cover image Ordinary Notes

Ordinary Notes

Christina Sharpe. Farrar, Straus and Giroux, $35 (392p) ISBN 978-0-374-60448-6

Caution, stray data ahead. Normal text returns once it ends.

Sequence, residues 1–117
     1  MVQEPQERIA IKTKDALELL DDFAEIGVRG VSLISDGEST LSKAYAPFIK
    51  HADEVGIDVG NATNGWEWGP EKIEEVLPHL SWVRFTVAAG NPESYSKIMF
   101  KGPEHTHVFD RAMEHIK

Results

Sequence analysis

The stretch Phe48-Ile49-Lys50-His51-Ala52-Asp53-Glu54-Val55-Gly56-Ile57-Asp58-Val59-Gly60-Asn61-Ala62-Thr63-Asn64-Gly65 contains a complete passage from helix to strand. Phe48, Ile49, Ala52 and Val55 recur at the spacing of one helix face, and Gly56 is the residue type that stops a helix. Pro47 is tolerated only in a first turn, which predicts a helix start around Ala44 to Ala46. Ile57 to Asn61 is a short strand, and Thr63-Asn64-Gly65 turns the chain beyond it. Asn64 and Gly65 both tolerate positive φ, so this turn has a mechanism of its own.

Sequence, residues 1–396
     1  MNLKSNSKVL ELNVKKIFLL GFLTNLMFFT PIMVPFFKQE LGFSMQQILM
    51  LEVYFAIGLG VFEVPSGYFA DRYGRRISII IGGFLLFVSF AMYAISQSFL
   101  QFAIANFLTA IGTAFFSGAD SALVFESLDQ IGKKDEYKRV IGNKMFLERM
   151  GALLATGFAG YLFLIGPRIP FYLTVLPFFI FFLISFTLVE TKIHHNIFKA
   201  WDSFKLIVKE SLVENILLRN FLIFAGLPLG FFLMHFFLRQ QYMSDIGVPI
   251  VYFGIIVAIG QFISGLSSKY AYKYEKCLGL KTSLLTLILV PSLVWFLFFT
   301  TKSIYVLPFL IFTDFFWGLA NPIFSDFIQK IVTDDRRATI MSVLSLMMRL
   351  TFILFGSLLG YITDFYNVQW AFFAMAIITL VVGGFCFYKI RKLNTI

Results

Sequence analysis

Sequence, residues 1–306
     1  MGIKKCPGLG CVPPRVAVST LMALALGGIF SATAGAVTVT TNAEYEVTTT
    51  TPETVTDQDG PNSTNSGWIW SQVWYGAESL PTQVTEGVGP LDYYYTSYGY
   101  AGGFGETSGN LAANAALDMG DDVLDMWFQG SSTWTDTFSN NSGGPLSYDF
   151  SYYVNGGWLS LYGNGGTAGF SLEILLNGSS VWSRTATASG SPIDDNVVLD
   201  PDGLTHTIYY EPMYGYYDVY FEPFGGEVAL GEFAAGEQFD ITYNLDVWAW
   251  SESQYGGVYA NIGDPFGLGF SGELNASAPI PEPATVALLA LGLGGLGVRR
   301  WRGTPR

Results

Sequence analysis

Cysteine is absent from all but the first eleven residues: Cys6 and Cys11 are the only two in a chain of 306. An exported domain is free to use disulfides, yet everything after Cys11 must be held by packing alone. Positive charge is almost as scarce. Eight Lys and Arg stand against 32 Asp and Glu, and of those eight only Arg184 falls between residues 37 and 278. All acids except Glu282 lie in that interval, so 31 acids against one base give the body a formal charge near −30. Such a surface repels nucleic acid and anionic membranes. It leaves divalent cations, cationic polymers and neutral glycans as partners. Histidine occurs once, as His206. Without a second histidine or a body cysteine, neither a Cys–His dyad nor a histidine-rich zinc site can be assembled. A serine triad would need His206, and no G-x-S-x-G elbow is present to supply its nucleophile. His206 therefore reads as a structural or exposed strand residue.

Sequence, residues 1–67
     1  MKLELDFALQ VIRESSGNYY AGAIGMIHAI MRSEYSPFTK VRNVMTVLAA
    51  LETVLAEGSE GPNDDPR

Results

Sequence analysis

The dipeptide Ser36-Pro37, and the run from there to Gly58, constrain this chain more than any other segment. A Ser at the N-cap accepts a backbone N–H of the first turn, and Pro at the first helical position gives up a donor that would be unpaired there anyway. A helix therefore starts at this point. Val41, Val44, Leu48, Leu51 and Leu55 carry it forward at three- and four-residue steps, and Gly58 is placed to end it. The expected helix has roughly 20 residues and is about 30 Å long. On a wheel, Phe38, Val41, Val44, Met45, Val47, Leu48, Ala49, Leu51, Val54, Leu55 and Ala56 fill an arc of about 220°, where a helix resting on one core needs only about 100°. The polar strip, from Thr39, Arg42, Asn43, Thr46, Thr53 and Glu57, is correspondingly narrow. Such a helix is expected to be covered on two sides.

Sharpe (In the Wake), a Black studies professor at York University, Toronto, lays bare the brutality of anti-Black racism through 248 brief “notes” on history, art, and her personal life in this poignant and genre-defying triumph. Recounting a visit to the Whitney Plantation in Louisiana, Sharpe contends that its decision to feature statues only of enslaved children instead of adults suggests that the curators thought generating empathy for the enslaved children “was an easier task than seeing all Black people, everywhere/anywhere, as human.” Her wide-ranging analysis is penetrating, as when she links a journalist’s comments calling a neo-Nazi a “good father,” Francis Galton’s dubious honorific as the “father” of eugenics, and the remarks of a sheriff who said the 2021 Atlanta mass shooter who targeted Asian women had “a really bad day,” arguing that white supremacists are “extended the grammar of the human” often denied to people of color. Throughout, Sharpe returns to the supportive influence of her mother, who encouraged her “to build a life that was nourishing and Black” and instituted a family tradition of reciting excerpts from Black authors over tea, making Sharpe feel “accomplished and loved.” The fragmentary dispatches are rich with suggestion and insight, generating meaning through juxtaposition and benefiting from Sharpe’s pointed prose. Moving and profound, this is not to be missed. Photos. (Apr.)